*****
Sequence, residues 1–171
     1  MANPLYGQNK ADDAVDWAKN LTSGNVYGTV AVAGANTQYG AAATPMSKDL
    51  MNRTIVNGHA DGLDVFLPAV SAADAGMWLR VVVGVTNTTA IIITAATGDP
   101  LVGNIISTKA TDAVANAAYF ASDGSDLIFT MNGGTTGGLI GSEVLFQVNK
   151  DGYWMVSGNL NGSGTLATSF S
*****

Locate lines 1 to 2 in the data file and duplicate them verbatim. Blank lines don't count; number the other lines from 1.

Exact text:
Sequence, residues 1–171
     1  MANPLYGQNK ADDAVDWAKN LTSGNVYGTV AVAGANTQYG AAATPMSKDL